THE BLOG
09/06/2016 10:46 am ET Updated Sep 07, 2017

Sending the Wrong Message

When I was a kid, I remember going to the bank with my parents and being given a little folding cardboard book that was shaped like an elephant. In this book were slots for me to save nickels. Once I loaded it with nickels I could bring it back and have my own account. This was my introduction to banking. I remember always having a passbook savings account. Few people under the age of 50 know what that is. Anyway, what does an elephant know about saving money? Was this a subliminal message from the G.O.P? I jest.)

In ninth grade I took a career placement test. I am not sure who administered it but I do remember that my recommended options were nursing and music. That must have stuck with me because when I went to college I did not have the nerve to major in vocal performance but I decided on the field of music therapy. The school I attended, University of the Pacific, is one of the few that offered a program at that time. After about a year, though, and with the encouragement of my teachers, I changed to vocal performance and transferred to Juilliard. After a few months my teacher there told me I would never have a career and to go back home. I know what it is like to be told you cannot aspire to do what you love. I changed teachers.

I am fortunate to have had a father and mother who were artistic. My mother had a very good voice but gave up her pursuit of being a professional singer to have my brother and me. She continued, though, to sing in amateur groups. My father had a degree in art and had to find creative ways to incorporate it into his careers, which he did quite successfully as an advertising guy, the writer and publisher of Family Camping Magazine, as head of public relations for two regional offices in the National Park Service, as Superintendent of a park and as a Methodist clergyman. He used his knowledge of the arts and his own illustration in all of these.

There was only one time I can remember worrying about how I was going to make a living and that was after grad school and also after the failed first, and distressing marriage. I realized I had little money and had to get my act together as a singer so I started doing some temp work to pay for lessons that I really needed in order to do better. It paid off. I never considered going back to school to complete my music therapy degree at that time. (Much later when I was having a crisis of purpose, I did consider it.)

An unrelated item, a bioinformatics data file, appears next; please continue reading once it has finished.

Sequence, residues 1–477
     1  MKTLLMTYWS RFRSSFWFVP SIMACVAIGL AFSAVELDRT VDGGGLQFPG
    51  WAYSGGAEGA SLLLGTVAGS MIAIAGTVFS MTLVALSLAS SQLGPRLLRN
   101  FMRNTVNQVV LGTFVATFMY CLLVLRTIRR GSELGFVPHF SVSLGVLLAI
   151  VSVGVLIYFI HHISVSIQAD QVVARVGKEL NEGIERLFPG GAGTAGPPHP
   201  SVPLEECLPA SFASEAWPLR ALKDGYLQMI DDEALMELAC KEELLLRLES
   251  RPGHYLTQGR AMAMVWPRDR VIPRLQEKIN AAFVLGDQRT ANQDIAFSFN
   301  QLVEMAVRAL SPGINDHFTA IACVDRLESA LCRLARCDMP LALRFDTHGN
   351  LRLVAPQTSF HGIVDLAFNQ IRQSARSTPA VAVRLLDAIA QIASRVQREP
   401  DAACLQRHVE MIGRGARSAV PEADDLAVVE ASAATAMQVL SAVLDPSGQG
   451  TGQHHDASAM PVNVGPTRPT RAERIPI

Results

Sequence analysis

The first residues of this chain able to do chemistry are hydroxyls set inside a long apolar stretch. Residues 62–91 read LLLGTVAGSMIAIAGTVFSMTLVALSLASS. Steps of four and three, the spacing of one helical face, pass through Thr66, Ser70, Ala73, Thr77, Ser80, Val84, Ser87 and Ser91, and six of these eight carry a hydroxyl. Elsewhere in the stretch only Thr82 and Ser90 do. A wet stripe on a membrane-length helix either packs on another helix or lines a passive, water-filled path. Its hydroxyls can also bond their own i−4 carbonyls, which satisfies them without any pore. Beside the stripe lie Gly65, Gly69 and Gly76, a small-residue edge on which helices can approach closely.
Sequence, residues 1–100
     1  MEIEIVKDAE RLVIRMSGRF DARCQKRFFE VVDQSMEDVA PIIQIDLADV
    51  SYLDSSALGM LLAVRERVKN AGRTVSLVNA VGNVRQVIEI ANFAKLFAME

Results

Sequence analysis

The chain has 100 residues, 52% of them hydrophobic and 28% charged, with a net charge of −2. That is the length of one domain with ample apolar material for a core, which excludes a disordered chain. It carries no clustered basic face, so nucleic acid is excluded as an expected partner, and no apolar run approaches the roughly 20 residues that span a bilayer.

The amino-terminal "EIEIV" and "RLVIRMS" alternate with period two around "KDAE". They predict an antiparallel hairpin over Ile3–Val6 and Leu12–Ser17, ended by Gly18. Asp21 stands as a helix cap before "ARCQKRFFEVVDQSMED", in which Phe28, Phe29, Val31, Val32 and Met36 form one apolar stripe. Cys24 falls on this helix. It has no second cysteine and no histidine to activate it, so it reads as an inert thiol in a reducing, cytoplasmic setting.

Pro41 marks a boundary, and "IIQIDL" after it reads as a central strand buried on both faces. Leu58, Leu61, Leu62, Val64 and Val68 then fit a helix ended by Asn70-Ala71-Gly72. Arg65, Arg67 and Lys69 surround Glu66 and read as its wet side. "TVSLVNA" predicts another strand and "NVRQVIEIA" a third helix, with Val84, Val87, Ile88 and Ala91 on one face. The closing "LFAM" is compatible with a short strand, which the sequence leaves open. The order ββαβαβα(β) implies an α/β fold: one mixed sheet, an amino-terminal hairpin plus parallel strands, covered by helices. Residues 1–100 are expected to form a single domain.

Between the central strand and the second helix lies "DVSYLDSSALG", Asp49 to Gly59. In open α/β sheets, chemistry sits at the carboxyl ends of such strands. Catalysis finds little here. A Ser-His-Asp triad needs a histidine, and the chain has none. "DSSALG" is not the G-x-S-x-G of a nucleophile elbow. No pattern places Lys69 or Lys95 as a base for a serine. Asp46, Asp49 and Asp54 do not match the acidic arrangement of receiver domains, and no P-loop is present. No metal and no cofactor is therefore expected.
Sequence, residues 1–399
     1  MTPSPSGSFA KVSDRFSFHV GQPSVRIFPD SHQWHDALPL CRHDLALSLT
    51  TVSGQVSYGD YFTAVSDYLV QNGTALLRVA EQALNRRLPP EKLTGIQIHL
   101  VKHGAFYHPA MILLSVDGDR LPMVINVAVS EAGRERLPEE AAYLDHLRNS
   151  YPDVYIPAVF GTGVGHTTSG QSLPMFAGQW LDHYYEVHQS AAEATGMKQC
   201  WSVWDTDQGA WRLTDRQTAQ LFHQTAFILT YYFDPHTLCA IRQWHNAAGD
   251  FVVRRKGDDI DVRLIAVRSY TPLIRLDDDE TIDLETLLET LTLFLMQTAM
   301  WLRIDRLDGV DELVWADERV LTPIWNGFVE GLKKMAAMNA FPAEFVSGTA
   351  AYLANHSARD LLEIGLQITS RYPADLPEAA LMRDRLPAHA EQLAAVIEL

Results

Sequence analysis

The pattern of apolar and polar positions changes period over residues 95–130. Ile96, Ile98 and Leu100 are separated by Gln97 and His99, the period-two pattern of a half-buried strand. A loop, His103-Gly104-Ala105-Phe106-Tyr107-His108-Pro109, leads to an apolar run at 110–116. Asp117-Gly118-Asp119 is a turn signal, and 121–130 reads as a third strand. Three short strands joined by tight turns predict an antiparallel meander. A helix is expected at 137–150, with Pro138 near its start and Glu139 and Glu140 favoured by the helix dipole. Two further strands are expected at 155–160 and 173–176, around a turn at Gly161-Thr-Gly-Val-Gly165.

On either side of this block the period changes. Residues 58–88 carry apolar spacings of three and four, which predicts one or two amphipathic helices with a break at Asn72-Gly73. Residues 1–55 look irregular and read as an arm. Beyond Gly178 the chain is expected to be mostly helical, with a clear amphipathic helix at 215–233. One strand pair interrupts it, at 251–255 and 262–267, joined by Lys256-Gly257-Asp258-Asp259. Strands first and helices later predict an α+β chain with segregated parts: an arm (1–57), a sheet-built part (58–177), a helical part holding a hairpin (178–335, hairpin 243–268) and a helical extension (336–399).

This all leads to a recent advertisement that a large financial institution placed this week to appeal to teenagers to help them learn about financial matters. The bank is hosting a teen day. In a sense, I suppose the idea is a good one, especially for those headed off to college who need to navigate the complexities of establishing a credit rating, applying for school loans, etc.

Where it backfired was that the ad pictured student performing artists: a ballerina and an actor looking forward to becoming scientists with the help of said financial institution. The underlying message was, "Give up your dreams and talents and look for the money. The Arts are just a hobby and there is no possibility of a career."

There was immediate outrage from the arts community and parents and even grandparents, thanks to the positive wonder of social media. (Remember, too that a graphic ARTIST had to design the ad.)

In reaction to the outrage the bank issued an apology, removed the ad, and apparently fired the person who created it. This financial institution, like many others, supports the arts in many ways both high and low profile. My initial reaction was to trash them but I realized that they are also quite philanthropic, especially toward the arts, so I held off any knee-jerk-reaction article.

That said, it saddens me that anyone could imagine the message in the initial offering.
Here are a few of the choice comments I read on social media:

What? Is this for real?

I used to hate it when people would ask me what I planned "to do" with my music degree! Who do they think plays the music they listen to?

It's not a question of "either, or". If we want to raise children to be complete human beings, it has to be "both".

I have a student that was with Price Waterhouse & now sings at Covent Garden!